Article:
This week’s Hey Sid question came from an interview Sid recently did with a writer who was covering “golf style” in honor of the Masters tournament happening this week in Augusta. Not to scoop our friend, but he got to the heart of the matter really quickly with his question. We’re all about a quick win. Here in Georgia, it is kind of impossible not to have golf on the brain this week… so we thought we’d go all in and tackle it here, too. Here’s what he told Mike.
That’s an easy one. Get a solid-colored polo shirt made with one-hundred percent cotton… in a pique or mesh knit… with a fit that’s not too tight… and ideally with a stand-up, cut-and-sewn collar. Which is to say, buy our polo shirt. And wear it. I’m sorry to be so self-serving here, but there are categorically not a lot of other companies out there making this shirt. Just make it easy on yourself and get it from us.
We are pretty excited to have our friend Keith Mitchell playing in the Masters this week — when you’re a relatively small operation, it’s cool to see your clothes on TV — and the question I keep getting asked is “how did y’all start dressing him?” Let me set the record straight here. Keith has always dressed himself. Keith’s style is all Keith. He has been shopping with us for about a decade now and just really liked what we were doing. But he came to us with a very specific vision from the get-go (we went into that in this column a few years ago). And it just so happened that it was pretty much the same way that I would want to look if I had a fraction of the talent he did and could spend my days on the golf course as well. I grew up in the 60s and 70s at the peak of Arnold Palmer and Seve Ballasteros. For me, that’s what a cool golfer looked like. And still does.
When I think about all the heroic, romantic vintage photos that circulated in all my previous design positions… the thousands of springtime moodboards… it lined up perfectly with Keith’s vision. We had the same pictures in our heads. It didn’t take much tweaking or extra work — the polos and trousers and the cashmere sweaters have been on our line from the beginning. His sponsors are embroidered on there, but underneath, it’s the same stuff you can come and buy in our shops. His pants are most often our standard high-twist wool dress trousers that happen to have some natural stretch built in. Not elastane, they’re pure wool all the way, but the way that the yarns are twisted gives you this incredible springiness and bounce to the material. They hold up. They breathe. They move. So maybe it’s not what you think of when you say ‘performance fabrics,’ but I would argue that he’s performing. I am not a snob about synthetic fabrics or performance wear. That stuff is engineered to, well, perform, and can have its place. It’s just never been my bag. And it’s not everybody’s bag. And it wasn’t Keith’s bag either, because previously he was working with a pretty major athletic company that’s known for exactly that. Most would say they’re the best at it. But he came to us and wanted to try something a little different.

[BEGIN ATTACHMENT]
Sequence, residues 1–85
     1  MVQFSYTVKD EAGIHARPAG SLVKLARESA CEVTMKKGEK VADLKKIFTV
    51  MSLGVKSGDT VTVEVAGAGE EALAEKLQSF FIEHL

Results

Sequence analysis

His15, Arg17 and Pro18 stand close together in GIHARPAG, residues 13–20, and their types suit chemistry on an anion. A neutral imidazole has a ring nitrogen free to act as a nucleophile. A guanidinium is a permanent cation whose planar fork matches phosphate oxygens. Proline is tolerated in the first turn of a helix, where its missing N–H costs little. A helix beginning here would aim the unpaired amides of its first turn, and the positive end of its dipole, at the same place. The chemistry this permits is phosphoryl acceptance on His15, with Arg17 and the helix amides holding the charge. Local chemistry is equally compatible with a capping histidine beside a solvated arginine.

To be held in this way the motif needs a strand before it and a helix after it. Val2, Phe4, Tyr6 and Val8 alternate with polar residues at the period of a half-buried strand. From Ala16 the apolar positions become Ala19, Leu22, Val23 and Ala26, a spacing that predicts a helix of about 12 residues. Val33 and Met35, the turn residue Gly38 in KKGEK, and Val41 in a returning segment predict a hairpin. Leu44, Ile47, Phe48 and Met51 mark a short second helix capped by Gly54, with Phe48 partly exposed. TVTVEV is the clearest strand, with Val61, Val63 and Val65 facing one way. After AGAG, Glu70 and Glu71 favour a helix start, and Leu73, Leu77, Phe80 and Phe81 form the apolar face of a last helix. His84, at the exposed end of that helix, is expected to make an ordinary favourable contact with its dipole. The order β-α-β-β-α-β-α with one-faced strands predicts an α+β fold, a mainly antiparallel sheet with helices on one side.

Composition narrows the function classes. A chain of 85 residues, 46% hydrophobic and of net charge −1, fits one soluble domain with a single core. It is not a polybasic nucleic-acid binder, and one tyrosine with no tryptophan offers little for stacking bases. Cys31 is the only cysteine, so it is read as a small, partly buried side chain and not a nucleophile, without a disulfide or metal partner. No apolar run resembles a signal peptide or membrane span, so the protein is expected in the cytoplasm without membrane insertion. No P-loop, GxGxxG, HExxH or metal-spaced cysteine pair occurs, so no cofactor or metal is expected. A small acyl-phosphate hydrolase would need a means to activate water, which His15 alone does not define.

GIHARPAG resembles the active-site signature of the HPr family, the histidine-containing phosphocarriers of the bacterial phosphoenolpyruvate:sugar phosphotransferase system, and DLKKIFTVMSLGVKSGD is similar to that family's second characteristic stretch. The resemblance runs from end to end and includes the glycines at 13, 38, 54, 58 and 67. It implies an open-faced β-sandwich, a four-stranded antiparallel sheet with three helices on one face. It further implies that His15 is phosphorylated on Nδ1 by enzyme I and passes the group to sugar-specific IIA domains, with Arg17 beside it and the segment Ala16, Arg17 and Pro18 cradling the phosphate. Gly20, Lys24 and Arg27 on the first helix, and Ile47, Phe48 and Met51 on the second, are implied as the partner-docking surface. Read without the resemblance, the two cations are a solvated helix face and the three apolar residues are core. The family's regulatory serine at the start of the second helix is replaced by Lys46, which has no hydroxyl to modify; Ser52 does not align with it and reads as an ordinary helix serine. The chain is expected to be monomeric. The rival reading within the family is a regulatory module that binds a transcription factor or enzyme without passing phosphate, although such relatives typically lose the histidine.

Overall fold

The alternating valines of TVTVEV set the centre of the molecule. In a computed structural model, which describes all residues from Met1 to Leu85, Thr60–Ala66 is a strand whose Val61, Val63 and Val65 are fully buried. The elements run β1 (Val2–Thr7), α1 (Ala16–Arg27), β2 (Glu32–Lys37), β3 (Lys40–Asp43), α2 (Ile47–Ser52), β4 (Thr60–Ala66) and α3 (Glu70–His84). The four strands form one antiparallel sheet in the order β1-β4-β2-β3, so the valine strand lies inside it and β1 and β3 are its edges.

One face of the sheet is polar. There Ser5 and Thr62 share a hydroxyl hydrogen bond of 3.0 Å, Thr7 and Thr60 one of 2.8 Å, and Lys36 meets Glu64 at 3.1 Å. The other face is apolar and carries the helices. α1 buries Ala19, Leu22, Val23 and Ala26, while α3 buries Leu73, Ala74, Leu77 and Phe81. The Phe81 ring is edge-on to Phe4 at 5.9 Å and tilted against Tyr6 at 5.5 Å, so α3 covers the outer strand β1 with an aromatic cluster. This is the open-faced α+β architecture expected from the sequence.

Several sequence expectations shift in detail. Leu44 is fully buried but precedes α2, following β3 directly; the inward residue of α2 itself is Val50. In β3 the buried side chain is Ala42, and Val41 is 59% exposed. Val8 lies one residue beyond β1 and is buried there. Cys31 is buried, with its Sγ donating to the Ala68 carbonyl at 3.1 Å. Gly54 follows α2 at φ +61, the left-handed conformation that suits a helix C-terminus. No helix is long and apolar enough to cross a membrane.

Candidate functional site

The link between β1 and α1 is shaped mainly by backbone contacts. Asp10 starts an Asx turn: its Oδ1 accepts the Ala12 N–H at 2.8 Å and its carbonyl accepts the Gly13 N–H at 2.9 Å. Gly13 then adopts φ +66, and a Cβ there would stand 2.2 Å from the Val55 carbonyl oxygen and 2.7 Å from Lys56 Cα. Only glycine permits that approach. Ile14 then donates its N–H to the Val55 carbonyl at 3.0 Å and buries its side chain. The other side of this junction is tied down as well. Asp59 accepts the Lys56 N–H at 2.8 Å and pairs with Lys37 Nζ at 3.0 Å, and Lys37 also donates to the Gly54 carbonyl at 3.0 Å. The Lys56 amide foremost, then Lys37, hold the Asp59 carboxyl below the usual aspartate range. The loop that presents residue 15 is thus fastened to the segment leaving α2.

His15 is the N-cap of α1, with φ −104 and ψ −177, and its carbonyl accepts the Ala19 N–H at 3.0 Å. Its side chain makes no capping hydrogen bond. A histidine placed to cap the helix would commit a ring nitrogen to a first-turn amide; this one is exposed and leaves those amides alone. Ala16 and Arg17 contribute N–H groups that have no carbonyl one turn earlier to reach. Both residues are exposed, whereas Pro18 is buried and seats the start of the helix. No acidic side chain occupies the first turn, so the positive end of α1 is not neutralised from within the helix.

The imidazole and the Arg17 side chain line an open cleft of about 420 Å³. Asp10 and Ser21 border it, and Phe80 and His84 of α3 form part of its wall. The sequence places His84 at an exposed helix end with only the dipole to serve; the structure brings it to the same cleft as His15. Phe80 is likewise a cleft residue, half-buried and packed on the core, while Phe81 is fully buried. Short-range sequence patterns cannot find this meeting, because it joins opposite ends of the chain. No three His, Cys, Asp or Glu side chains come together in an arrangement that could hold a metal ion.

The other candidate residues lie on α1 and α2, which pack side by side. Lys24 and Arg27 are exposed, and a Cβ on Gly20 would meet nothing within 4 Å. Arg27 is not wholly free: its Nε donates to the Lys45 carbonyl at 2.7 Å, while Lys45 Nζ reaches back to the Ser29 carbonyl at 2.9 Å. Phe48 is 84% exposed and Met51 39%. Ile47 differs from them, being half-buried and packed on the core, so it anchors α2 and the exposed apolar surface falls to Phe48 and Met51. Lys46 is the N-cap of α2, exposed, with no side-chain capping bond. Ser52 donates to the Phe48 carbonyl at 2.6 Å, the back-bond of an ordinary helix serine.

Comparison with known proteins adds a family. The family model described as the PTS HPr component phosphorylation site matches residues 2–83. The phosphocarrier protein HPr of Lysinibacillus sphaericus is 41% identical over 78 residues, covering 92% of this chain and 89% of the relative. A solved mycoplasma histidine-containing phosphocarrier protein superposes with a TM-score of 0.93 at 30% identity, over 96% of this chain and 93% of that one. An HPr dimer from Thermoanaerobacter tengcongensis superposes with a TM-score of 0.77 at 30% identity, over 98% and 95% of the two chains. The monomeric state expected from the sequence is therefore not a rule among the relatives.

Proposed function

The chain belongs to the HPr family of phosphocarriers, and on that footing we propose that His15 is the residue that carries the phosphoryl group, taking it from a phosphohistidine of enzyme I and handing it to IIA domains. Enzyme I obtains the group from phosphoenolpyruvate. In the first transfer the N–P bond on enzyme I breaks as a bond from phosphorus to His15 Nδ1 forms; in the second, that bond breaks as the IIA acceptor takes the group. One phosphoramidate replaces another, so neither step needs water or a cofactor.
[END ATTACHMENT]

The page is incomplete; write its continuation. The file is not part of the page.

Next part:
Okay… but, back to the polo. You’ve got to have all cotton. A pique knit is going to be the most breathable — if you get super up close you’ll see that it almost looks like a honeycomb. The Italians call that cellulare, or what we would describe as ‘cellular’. Bottom line, it’s breathable. And the texture means it doesn’t show sweat as easily. Not to get too technical on you, but this kind of knit is different from a jersey knit, which feels more smooth, like a t-shirt. That’s not to say you can’t wear jersey on the course, but it's not what I would recommend because it’s not going to breathe as much as the pique. The fit should be easy and not too tight. Ours are cut pretty generously because I don’t like to see a guys’ pecs and ripples too closely. That’s another reason the pique knit is so important is that it doesn’t cling to you.
And then the collar. I will never stop talking about the cut-and-sewn collar on our polo because to me that’s such a differentiator. It’s got structure to it. It doesn’t flop around. It gives a more formal, polished appearance. You’re not just wearing a golf shirt. You can throw a jacket on over it without the collar kind of shrinking down underneath the lapels. It’s heroic.
And speaking of heroic. Last thing I’ll say here. The polo is an easy pickup, and it’ll take you a long way. But in the end, golf is a game of confidence. Every single guy on the tour is pretty amazing, and on the right day, a lot of them could probably beat one another. It’s a head game. I think that the heritage of well-fitting, classic clothing — just like what the greats wore — can give you that kind of confidence. In fact, that’s kind of the backbone of what we do every day, golf aside. It’s not that innovative fabrics or shapes or color don’t do that, too… there are guys out there that totally dig having the latest and to them it is the greatest. That is their confidence builder. Great. But for us, we love the classic, legacy look that has stood the test of time. The heritage kind of breeds some of that confidence. That’s a big part of what makes the Masters so magical. That sense of legacy is part of what makes the Masters so magical… “a tradition unlike any other.” That and the $1.50 pimento cheese sandwich. Also pretty magical.
Anyway, Mike, that’s the one thing a guy can do to look better on the golf course. Get yourself a pique polo shirt. Extra credit for high-twist wool trousers. For the 19th hole, maybe a jacket that looks great with the polo collar. And… oh yeah… some cashmere. Knock it out this week, Cashmere Keith. We love seeing you out there.